Now here’s another recent look at the current and projected scale of global warming and how it compares to the agreements and actual international practices regarding emissions.
In case you haven't been following along (I do understand the appeal of attempting to ignore that Trump is in charge of the USA), here's a list put together by The New York Times compiling twenty-three environmental laws, regulations, and policies that Trump has overturned in the first hundred days of his presidency. At least Elon Musk is trying his best to get humanity to Mars, since it seems like it'd be best if we just left Earth to the rest of the species that inhabit it and move to a lifeless planet that won't suffer as much from our short-sighted and morally questionable leadership.
Right after Trump assumed the presidency, the White House's webpage on climate change was deleted.
Meanwhile, Earth reached its highest temperature on record in 2016, which beat the previous record that happened in 2015, which beat the previous record which took place during 2014. We've had three years in a row of highest temperatures on record for our planet.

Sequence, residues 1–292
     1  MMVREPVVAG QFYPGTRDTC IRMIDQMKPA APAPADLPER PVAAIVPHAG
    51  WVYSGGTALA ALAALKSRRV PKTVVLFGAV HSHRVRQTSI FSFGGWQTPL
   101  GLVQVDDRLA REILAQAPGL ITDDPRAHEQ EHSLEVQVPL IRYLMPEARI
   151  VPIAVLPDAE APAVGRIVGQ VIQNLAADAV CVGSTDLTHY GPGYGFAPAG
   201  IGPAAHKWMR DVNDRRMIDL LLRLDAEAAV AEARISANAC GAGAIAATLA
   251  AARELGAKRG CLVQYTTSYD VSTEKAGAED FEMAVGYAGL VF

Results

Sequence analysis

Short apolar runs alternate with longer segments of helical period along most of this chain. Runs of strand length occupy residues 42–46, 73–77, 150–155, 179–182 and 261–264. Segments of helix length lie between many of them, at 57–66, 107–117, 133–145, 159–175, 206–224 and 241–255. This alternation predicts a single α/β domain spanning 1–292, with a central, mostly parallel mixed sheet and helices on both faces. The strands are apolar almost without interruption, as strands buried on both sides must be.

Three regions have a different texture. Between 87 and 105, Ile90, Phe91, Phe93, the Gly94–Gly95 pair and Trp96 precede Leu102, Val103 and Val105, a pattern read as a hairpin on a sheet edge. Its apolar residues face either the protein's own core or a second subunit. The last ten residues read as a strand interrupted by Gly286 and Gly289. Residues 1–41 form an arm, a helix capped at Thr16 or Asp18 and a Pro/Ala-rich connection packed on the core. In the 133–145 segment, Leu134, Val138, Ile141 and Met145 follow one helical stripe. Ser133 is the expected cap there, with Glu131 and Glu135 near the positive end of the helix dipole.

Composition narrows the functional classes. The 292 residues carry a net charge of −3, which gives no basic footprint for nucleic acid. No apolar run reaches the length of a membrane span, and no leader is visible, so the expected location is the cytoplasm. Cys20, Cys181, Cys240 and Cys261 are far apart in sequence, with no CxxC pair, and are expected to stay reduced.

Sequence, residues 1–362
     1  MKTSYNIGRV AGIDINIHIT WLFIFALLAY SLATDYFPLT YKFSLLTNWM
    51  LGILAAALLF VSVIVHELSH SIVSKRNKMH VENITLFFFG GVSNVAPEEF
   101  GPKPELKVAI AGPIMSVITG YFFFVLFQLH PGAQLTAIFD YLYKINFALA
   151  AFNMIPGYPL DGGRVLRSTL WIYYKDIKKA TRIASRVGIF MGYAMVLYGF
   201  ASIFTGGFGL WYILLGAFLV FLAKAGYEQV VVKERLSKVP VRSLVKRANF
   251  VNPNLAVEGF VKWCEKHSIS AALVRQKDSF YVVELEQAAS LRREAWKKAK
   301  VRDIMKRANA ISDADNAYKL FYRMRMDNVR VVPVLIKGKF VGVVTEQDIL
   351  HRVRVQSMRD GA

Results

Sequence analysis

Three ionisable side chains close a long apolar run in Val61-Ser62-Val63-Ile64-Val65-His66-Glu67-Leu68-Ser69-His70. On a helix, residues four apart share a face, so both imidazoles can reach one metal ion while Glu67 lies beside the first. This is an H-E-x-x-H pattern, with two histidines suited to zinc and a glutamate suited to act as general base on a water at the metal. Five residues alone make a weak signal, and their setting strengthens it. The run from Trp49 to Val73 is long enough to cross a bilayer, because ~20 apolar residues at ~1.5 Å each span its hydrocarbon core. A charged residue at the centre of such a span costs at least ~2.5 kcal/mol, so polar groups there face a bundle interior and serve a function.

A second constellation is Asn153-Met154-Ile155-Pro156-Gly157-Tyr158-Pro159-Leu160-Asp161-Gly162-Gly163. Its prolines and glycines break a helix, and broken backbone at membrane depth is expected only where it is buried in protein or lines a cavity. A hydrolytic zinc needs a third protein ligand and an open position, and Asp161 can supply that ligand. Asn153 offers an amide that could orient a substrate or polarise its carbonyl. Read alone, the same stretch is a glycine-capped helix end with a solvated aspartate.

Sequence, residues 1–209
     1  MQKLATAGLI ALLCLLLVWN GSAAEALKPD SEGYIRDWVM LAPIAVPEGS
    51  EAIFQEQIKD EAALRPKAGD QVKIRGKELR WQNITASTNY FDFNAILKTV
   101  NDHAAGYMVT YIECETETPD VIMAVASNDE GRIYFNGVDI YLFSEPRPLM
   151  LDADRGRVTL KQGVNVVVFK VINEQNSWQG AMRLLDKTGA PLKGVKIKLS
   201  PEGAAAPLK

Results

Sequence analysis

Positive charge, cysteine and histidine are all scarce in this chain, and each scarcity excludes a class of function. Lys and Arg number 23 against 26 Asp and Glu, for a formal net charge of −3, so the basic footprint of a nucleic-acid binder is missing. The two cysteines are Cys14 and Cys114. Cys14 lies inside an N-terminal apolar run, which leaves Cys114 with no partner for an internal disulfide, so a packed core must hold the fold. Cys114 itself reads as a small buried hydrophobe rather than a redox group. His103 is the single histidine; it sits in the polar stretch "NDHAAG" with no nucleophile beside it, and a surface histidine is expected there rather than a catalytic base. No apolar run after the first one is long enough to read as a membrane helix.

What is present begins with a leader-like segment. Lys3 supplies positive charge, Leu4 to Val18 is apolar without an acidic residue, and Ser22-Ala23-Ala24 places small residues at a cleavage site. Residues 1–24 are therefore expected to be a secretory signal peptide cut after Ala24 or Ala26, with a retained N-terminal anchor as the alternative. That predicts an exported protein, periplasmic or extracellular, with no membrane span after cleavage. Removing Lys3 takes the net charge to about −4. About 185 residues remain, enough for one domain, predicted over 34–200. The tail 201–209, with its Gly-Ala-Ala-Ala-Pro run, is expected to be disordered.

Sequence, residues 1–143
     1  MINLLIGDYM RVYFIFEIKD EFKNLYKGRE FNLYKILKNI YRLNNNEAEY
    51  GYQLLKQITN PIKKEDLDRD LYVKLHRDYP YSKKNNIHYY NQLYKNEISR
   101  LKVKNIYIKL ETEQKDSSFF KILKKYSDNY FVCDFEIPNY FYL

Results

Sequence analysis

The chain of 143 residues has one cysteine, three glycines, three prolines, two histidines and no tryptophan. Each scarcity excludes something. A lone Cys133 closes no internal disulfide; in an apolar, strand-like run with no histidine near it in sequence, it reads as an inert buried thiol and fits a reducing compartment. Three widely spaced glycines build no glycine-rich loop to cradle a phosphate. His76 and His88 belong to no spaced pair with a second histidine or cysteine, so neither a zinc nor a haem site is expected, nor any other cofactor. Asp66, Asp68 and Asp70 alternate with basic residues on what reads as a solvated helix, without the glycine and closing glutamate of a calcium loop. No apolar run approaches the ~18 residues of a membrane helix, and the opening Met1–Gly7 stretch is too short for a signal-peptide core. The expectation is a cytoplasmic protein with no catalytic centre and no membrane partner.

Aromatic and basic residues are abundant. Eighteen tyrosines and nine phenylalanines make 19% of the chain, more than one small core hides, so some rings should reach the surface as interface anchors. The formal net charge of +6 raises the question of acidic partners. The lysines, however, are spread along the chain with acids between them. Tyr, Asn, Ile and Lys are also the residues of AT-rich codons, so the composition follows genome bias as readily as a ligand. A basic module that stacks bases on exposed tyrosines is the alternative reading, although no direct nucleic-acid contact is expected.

I was sick recently, so I had the time to watch the television series Newsroom. One clip really stuck with me:
Now given that this is from a fictional television series, viewers could be forgiven for thinking it an exaggeration. But the facts check out, though sadly a few are outdated and have increased negatively in the meantime.
What really interests me apart from the immediate content is that the whole reason it's funny (admittedly in a macabre sense) is because most scientists are a little less depressingly stark about our situation. Why is that?
It turns out that a recent paper "Duality in Climate Science" published in Nature Geoscience takes scientists and the media to task for underselling our ecological position due to fear of politically and professionally calamitous ramifications. The paper summary reads:
Delivery of palatable 2 °C mitigation scenarios depends on speculative negative emissions or changing the past. Scientists must make their assumptions transparent and defensible, however politically uncomfortable the conclusions.
What that's saying is that unless we can time travel backwards or develop technology in the future that we don't know exists yet, we're screwed. Here's another not-at-all-comforting review of this and other papers saying in part, "The latest installment of depressing news is the delightful prediction that dozens of American cities are at risk of drowning before the century is out, turning places like New Orleans and Miami into the lost kingdom of Atlantis."